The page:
1 – Quick Start Guide
The instructions for downloading the user’s guide, software and additional resources are shown on the back of the box.
The display shield comes pre-installed on the main board.
The separate boards are shown below:
Main Board -
TFT Display Board
NOTE: For the examples given in the User’s Guide, all required components were supplied. The microphone for the voice example is located on the TFT board in the lower right corner. The light sensor for the WiFi-BT example is located in lower middle section of the TFT board. There is also a motion sensor on the TFT board, but it is not used for either example (yet).
Now for a few of the drawback I have observed. As we have all seen with every dev/eval kit produced for the last 10 years, all documentations available only through download. Cypress is no different, but there is a lot of information online which can make it difficult to find the specific information you are looking for. I would start looking for something and get distracted by something else.
Part II – Connecting and Powering Up the Kit:
All the instructions needed to initially test the WiFi-BT kit can be found on the Quick Start Guide, included with the kit, but for further development the User’s Guide should be downloaded using the link found in the Useful Documents section. My host PC is running under Windows 7 x64, but for the initial turn on, the USB2/3 port on my PC is only used for power to the board. There is a set of power terminals on the main board if you would like to use an external supply. The TFT display board is power through the main board shield connector.
The initial TFT screen also displays instruction for the pre-installed WICED WiFi demo.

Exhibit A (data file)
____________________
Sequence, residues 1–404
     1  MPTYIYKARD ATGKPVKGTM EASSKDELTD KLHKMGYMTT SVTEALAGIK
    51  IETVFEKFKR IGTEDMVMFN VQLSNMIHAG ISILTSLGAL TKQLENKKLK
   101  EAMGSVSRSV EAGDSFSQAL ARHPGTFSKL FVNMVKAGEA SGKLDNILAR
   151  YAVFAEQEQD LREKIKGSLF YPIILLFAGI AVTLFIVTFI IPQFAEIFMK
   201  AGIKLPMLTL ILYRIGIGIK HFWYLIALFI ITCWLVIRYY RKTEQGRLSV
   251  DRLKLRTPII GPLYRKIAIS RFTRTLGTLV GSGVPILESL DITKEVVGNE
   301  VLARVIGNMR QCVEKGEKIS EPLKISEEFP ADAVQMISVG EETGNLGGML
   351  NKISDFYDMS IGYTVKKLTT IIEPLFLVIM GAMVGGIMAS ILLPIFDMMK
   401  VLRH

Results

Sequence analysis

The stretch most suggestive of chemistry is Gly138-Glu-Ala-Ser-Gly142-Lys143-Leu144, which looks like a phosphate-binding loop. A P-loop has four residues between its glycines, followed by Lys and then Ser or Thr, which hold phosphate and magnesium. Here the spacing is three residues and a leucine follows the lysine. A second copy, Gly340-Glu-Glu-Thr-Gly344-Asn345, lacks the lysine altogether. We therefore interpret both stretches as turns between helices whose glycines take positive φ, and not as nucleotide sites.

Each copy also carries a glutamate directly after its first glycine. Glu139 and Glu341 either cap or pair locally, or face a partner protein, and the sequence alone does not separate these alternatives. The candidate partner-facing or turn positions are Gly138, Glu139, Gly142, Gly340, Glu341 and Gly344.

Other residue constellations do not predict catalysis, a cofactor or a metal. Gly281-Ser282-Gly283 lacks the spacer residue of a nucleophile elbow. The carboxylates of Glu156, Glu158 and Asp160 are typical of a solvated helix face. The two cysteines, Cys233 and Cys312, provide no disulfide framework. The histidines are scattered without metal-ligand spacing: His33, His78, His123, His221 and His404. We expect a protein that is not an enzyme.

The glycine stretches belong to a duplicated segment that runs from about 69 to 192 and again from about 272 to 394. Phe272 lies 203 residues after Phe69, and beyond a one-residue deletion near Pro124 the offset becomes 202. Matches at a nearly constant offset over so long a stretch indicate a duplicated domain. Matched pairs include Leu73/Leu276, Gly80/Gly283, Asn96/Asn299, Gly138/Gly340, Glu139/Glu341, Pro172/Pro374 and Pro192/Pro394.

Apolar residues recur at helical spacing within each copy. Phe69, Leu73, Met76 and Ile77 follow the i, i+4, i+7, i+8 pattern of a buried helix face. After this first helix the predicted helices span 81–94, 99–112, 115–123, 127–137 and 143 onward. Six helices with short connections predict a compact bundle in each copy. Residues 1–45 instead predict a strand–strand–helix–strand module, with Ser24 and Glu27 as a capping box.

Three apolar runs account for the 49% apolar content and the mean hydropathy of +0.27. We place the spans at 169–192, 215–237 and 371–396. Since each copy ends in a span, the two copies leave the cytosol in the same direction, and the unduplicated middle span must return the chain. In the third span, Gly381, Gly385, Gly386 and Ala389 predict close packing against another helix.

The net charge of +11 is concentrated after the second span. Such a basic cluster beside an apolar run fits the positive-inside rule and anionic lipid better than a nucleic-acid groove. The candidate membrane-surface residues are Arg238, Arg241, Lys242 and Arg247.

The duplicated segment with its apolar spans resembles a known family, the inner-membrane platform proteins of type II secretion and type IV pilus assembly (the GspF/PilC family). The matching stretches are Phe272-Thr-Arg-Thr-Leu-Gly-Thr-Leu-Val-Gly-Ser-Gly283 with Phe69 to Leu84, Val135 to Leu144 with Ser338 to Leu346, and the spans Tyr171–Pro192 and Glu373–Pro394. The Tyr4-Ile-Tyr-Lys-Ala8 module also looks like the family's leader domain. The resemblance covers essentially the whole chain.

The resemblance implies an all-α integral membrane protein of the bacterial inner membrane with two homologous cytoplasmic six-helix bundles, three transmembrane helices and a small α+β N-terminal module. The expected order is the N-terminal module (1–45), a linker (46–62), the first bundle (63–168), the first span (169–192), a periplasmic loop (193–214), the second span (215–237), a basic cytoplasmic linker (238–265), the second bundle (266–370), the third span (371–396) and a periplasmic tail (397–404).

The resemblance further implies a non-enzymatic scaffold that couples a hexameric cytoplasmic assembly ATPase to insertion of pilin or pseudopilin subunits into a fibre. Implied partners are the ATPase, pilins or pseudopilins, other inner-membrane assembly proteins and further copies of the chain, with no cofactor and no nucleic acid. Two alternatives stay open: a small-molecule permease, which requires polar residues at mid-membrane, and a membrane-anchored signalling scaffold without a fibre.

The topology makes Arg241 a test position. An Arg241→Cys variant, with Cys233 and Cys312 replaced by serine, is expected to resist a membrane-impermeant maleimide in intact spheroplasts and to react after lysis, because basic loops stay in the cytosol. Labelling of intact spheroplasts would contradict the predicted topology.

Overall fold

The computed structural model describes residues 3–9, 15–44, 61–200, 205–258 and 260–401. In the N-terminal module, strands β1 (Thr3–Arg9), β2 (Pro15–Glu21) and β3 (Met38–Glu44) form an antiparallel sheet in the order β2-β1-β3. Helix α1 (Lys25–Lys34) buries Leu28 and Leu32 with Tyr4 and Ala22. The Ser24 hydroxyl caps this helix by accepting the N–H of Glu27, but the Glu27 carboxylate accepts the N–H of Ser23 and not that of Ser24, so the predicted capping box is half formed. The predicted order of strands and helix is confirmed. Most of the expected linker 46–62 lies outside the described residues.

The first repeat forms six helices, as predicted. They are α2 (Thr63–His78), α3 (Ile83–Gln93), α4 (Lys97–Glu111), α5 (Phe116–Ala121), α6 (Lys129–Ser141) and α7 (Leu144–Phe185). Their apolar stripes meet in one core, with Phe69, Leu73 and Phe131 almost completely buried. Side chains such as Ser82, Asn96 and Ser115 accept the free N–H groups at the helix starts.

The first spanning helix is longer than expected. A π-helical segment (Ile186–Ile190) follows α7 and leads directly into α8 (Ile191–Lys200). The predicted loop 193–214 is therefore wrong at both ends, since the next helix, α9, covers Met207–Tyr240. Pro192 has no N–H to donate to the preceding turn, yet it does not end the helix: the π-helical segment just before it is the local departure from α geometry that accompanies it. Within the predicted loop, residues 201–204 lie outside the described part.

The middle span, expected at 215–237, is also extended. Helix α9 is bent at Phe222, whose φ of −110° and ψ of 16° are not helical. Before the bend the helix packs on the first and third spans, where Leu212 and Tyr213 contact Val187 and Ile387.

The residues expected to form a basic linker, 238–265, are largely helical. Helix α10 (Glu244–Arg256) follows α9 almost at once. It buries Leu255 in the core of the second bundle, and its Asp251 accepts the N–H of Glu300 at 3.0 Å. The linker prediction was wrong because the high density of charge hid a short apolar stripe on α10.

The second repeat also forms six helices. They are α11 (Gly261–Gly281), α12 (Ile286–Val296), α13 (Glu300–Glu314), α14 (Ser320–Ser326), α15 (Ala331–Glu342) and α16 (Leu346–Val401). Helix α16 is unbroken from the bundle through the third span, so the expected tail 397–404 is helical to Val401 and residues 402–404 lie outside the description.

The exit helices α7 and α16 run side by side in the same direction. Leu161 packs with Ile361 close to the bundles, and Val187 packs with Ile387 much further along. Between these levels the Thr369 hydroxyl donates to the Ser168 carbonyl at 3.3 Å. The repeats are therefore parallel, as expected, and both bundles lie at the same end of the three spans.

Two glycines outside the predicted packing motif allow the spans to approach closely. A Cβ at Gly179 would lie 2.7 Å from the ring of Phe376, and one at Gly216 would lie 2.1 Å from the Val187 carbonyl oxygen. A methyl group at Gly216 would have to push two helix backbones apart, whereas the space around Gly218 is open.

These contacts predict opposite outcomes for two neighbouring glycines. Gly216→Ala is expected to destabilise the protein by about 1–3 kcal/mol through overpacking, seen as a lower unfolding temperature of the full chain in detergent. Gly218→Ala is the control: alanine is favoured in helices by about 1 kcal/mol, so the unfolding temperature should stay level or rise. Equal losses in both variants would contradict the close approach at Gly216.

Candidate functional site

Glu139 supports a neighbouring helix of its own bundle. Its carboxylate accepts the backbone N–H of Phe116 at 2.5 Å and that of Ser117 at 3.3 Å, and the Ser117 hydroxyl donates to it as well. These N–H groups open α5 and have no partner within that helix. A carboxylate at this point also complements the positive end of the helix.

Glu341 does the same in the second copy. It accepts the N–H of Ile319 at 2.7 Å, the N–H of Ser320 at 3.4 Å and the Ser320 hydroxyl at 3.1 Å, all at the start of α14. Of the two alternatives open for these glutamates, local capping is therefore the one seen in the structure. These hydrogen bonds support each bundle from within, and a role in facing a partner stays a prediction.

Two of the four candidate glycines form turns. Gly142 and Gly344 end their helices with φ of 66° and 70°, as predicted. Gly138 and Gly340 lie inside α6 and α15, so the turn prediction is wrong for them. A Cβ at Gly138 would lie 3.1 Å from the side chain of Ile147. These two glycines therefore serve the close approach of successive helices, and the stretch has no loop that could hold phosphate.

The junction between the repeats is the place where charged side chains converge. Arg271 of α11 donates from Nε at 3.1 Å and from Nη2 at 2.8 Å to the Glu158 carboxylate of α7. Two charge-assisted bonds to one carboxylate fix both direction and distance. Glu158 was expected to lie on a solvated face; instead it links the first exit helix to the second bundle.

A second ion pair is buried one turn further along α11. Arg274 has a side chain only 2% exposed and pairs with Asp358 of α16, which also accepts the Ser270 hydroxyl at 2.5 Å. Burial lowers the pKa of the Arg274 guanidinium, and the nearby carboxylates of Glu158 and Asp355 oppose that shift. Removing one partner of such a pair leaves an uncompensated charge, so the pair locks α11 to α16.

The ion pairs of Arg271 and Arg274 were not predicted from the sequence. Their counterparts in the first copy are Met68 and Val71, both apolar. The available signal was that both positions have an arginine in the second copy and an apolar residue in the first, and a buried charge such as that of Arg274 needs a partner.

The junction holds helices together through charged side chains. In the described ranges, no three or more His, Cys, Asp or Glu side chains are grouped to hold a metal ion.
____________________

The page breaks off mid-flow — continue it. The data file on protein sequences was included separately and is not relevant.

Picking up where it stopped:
Upon initial power-up the kit becomes a WiFi hotspot with a SSID of “WICED Config” and password shown on the display. Using your PC’s WiFi, connect to WICED Config, and then use a browser to go to the WiFi configuration page (192.168.0.1) shown below.
Then pull up a browser and enter the indicated URL (192.168.0.1) to go to the WiFi configuration page.
Press “WiFi Setup” then enter your router name and password
After the configuration is complete, the kit hotspot will terminate and will reconnect through your router
At this point the TFT screen will display the on/off duty cycle of the LED5 on the main board and the light sensor voltage on the display board. Since the kit hotspot no longer exists, you will need to reconnect your PC to your network. After reconnection, using a browser set to the URL on the display, you can also monitor (and change) the parameters on the TFT display.
This may be a little helpful in checking that the dev board actually works, but in reality we really want to try and program it, so let’s back up a little. First, to program the board we will need to communicate. For our examples, I will use the same USB port used to power the board. In the past, I have had issues with other manufacturer’s USB connections, although that was not the case with the Cypress WiFi-BT board. Because the may be the case with other PCs, the following shows the connections from Windows device manager:
In my case, the PC will communicate to the kit through a USB-to-Serial connection, KitProg2 USB-UART. A virtual disk drive is also created to drop compiled HEX files into. If these devices do not get created on your PC, check for other driver solutions or let me know.
Although I will not cover it here, Cypress has some application notes that cover over-the-air (OTA) programming.
Part III - Software Installation:
The User’s Guide walks you through 2 examples for compiling and programming the dev board, but more about that later. One example uses Cypress’ PCreator IDE and the other their WICED (Wireless Internet Connectivity for Embedded Devices) IDE.
PCreator 4.2 IDE
The guide points out 2 paths for installation for the PCreator IDE. If you have never installed PCreator before download and run the full installation setup. Since PCreator is Eclipse-based, if you have a previous PCreator installation on your PC you may only need to download and import the files for the WiFi-BT kit. NOTE: If you have a pre-installed version, check the version requirements of all the modules.